As illustrated in FIGS. 6-8, an alternative embodiment of the invention is comprised of a disc-shaped base segment 18 with opposed faces, a center and a continuous circular edge, and a plurality of spaced rods 20 extending outwardly from each face of the base segment. The opposed faces of the embodiment illustrated in FIGS. 6-8 are substantially identical, with either face being useable as the cleaning surface or the ripping surface. Therefore, the following description of a face will be understood to describe either of the faces.

Each face is comprised of a plurality of spaced rods 20 for cleaning dirt, mud, debris, grass and other foreign objects that may become lodged on the bottom of the shoe. The spacing between the rods permits easy removal of mud, dirt, debris and grass that has been dislodged from the shoe bottom, but remains lodged between the rods 20. The plurality of spaced rods 20 are arranged in an overlapping, radially symmetrical fashion.

Each rod 20 is oriented on an axis perpendicular to the plane of its respective face 18. Each face 18 is preferable circular and convex. The relative height of each rod 20 increases in height from the outside edge of flexible base 18 towards the center of the base. The top end of each rod 20 is truncated to maximize the contact of the cleaning surface of each rod, and is tapered from the bottom end to the top end to allow the distal end of the rod to fit between the ridges of the shoe bottom while also providing a more rigid rod because of the greater thickness at the bottom end of the rod.

Rods 20 are integrally formed at their inner ends with base 18, with the rods and base preferably being made of a semi-rigid material such as elastomeric rubber having a Shore Hardness value of greater than or equal to 80, with 100 being preferred. Each rod 20 is between about one-eighth (⅛) of an inch to one and one quarter inch in length as measured from the base to the distal end of the rod. In the most preferred embodiment, each rod 20 is between one-half inch and three-quarters of an inch in length, as measured from the bottom end of rod 20 to the top end of the rod.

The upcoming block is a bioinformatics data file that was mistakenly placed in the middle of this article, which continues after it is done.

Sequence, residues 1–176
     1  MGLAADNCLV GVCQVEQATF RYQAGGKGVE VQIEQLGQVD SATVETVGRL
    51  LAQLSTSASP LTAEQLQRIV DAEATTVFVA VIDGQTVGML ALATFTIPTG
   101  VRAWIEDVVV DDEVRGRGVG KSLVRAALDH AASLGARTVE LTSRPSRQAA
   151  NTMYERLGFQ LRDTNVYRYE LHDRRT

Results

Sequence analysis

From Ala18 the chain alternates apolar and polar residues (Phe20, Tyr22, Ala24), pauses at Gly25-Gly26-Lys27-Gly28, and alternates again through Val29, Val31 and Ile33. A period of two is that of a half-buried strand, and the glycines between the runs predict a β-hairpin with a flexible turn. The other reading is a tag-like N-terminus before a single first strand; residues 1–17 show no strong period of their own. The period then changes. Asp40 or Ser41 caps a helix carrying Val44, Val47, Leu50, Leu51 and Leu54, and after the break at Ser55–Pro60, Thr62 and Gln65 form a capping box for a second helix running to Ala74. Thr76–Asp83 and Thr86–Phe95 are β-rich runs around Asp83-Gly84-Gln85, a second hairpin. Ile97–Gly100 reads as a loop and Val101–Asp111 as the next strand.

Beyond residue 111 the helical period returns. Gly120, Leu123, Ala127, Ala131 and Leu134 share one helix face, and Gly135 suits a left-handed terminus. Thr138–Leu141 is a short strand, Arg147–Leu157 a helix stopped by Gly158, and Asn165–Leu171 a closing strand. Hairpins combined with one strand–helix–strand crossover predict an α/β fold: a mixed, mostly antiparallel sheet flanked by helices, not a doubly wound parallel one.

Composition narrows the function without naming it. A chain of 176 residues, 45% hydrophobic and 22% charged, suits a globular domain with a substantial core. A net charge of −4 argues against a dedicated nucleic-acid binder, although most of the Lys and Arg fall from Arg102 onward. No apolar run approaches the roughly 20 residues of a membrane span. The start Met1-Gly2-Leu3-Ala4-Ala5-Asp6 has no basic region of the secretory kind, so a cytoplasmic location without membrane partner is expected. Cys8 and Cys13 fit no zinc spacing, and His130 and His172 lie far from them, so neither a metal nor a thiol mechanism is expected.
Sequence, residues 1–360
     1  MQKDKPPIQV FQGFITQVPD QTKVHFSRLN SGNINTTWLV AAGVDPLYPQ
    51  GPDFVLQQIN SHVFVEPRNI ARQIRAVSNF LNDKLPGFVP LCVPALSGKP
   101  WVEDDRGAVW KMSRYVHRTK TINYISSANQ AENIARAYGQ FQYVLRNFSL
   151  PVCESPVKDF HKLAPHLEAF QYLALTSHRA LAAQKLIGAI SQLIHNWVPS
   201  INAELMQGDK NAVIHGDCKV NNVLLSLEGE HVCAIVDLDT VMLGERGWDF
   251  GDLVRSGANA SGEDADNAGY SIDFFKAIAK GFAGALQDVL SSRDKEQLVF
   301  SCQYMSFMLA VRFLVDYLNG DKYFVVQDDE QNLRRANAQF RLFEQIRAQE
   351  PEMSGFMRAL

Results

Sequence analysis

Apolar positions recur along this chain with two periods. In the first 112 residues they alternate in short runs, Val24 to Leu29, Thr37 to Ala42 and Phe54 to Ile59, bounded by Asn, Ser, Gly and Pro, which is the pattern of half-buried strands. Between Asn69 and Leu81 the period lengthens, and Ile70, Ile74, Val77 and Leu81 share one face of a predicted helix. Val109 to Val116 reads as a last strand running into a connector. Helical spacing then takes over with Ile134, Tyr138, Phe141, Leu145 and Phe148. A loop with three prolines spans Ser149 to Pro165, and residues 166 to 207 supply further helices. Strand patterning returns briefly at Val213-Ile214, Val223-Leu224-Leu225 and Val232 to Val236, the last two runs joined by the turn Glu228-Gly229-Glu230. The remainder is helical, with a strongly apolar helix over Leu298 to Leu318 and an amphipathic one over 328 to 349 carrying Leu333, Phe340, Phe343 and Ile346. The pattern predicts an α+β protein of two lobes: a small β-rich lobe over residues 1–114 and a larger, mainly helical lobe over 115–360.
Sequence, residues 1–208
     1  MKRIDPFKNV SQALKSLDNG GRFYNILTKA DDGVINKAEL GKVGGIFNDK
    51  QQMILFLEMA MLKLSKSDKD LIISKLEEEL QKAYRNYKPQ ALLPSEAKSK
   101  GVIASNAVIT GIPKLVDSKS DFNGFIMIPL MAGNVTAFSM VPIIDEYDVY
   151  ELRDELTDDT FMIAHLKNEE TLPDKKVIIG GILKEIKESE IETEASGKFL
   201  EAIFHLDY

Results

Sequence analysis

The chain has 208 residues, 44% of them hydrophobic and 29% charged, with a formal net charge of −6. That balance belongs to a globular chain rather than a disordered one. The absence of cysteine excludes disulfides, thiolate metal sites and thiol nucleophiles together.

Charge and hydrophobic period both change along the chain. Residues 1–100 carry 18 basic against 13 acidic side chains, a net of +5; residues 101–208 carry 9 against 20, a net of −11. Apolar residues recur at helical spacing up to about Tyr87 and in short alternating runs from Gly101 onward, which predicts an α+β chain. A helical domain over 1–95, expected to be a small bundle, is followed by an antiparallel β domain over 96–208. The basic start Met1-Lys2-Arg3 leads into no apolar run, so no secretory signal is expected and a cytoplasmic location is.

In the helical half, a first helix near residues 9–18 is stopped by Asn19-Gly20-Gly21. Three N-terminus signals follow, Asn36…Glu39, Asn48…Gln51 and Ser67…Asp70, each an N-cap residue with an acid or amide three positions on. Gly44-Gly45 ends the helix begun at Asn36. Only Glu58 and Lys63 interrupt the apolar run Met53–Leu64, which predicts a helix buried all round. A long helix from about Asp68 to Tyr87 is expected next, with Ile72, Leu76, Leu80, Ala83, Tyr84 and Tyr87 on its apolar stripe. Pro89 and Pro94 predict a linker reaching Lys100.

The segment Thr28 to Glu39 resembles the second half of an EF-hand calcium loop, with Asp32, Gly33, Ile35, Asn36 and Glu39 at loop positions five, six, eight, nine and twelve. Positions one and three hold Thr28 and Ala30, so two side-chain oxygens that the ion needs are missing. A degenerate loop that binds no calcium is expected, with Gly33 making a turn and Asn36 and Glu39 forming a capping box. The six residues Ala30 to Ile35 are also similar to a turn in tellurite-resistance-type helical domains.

Carrying or attachment of the rod to a belt, golf bag, or other object, is facilitated by a continuous flexible strap 22, such as a strap made of woven nylon having a width of from about one-quarter to one inch, and a length of from about six to about 12 inches. Strap 24 is looped through a hole 24 extending through the cleaner between the surfaces. The strap 24 may include a means (not shown)—such as a buckle or VELCRO® (hook-and-loop) closure—for adjusting the size of the loop.

In operation, the alternative cleaner just described is simply dropped onto the round. The user then places his or her shoe onto the surface of the cleaner that lands in the upright position and rubs the bottom of the shoe across the surface to cause flexible rods 20 to brush away dirt and other debris. The surface of the cleaner that lands against the ground is pushed against the ground by the pressure of the shoe, with the frictional contact between the downwardly projecting fingers or rods preventing movement of the cleaner during use.

Certain modifications and improvements will occur to those skilled in the art upon a reading of the foregoing description. By way of example, while elastomeric rubber is the preferred material, other resilient polymers such as urethane and polyethylene could also be used. It should be understood that all such modifications and improvements have been deleted herein for the sake of conciseness and readability but are properly within the scope of the following claims.

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Reference
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Referenced by
Citing PatentFiling datePublication dateApplicantTitle
US7437793Nov 17, 2004Oct 21, 2008Joseph LaneSpiked golf shoe cleaning brush
US8850649 *Nov 5, 2009Oct 7, 20143M Innovative Properties CompanyCleaning tool with upstanding stems and method of cleaning a surface
US20100125961 *Nov 5, 2009May 27, 20103M Innovative Properties CompanyCleaning tool with upstanding stems and method of cleaning a surface
Classifications
U.S. Classification15/161, 15/188
International ClassificationA63B57/00
Cooperative ClassificationY10S280/06, Y10S280/05, A63B57/0087
European ClassificationA63B57/00W